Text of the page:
Most colleges have a scholarship application you should submit to determine your eligibility and you should sign up for at least one free online scholarship search like FastWeb, Cappex, or Scholarships.com. Always apply for any scholarships you may be eligible to receive, no matter what other funding you may be receiving. Full scholarships are rare and usually only cover tuition not dorm costs etc. Complete scholarship applications for all colleges where you have applied for admission.  You can always turn down the scholarship if you decide on another college, but you can’t go back and fill one out.

3. Student Loans

The maximum Federal student loan amount available to dependent freshman students is $5,500. You should also inquire about state loan possibilities. (See here for more information about state loans)

4. Parent Loans

These are usually offered by colleges to cover the balance of the costs, so check with the Financial Aid department at the colleges you are considering.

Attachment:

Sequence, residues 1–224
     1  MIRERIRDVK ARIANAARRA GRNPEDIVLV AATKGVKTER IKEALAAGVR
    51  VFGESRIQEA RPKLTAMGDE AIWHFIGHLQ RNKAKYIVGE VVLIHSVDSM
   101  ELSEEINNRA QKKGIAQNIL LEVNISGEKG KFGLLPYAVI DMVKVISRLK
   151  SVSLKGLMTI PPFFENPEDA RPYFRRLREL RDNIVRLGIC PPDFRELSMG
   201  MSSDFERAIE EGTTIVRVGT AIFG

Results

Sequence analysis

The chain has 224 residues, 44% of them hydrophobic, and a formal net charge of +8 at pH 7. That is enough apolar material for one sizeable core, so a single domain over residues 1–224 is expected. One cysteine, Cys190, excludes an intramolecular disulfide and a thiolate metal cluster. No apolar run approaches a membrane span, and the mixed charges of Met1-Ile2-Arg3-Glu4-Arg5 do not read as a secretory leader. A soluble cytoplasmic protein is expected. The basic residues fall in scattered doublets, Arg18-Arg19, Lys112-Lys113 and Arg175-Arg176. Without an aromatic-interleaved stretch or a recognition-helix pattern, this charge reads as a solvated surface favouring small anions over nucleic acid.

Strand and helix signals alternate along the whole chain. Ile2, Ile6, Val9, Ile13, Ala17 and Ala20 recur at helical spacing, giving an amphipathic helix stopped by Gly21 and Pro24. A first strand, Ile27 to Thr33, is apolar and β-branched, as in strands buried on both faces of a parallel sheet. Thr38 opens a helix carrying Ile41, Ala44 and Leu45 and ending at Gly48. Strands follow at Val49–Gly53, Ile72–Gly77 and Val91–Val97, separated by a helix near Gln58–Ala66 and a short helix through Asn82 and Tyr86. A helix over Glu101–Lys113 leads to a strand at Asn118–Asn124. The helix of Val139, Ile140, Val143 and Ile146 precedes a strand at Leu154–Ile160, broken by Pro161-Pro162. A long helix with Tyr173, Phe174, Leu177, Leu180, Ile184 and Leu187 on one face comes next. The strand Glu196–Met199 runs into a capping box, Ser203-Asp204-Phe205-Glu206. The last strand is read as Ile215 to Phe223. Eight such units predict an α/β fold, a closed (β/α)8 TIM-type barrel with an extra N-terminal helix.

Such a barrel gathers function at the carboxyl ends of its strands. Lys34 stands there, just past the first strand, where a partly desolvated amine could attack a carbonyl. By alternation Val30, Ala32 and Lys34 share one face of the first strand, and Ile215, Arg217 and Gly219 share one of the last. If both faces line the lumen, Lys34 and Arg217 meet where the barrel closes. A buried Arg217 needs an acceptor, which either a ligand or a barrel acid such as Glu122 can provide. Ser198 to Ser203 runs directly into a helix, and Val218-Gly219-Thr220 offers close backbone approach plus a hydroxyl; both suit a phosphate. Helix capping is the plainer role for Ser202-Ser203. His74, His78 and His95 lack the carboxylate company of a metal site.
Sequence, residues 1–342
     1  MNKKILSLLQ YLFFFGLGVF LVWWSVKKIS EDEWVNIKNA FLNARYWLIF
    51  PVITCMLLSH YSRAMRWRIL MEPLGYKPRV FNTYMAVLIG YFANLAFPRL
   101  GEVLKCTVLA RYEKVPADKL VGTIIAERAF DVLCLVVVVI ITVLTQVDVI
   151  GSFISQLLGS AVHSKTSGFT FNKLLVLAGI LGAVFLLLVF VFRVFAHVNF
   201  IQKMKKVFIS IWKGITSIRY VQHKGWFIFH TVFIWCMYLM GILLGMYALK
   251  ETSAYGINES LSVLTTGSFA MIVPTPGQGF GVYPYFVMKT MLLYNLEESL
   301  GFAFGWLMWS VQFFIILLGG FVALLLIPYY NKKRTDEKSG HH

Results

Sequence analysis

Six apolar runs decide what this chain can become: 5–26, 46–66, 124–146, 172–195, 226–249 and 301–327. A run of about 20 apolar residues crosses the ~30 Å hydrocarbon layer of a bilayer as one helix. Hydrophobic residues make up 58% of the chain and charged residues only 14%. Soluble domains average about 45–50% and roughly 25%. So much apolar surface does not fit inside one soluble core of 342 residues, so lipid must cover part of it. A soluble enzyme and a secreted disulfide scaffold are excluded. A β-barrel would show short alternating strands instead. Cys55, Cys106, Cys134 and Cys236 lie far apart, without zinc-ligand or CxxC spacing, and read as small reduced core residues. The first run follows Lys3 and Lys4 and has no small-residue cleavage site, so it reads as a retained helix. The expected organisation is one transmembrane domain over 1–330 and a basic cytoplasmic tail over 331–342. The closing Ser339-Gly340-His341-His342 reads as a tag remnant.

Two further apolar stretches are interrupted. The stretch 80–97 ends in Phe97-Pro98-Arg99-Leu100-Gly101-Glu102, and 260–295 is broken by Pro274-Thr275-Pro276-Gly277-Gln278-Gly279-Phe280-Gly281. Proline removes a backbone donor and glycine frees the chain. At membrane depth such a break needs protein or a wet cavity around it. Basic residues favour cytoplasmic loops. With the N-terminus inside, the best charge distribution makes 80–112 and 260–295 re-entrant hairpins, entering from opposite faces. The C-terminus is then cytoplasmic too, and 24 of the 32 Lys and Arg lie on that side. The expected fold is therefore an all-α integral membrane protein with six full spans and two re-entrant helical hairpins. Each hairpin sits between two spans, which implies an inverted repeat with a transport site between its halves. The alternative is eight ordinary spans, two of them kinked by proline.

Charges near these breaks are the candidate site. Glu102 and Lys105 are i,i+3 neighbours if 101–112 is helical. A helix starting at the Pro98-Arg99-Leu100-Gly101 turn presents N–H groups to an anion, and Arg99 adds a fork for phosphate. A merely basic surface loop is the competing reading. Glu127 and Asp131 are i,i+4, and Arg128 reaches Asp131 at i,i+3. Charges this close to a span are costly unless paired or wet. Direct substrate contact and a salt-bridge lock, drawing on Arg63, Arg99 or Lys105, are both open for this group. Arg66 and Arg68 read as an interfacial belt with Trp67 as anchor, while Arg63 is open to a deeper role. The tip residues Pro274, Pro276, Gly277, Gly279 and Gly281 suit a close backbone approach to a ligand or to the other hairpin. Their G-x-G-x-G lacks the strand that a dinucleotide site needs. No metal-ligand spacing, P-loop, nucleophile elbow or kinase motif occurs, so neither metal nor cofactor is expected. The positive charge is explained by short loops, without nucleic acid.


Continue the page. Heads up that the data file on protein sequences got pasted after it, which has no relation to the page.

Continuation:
5. Work Study

There is also the option of working at least part time while in college, either through the college work-study program or an off campus job.  About 80% of college students work at least part time, so it’s not unreasonable to plan on working to pay some of your living expenses.

If you’ve been comparing the amount of financial aid available to the average costs of attendance, then you know at this point how important it is to apply for private scholarships. Federal and state aid can offer you some help, but you’ll probably have to look for more opportunities to attend the college of your choice.

How does this help me to make my decision?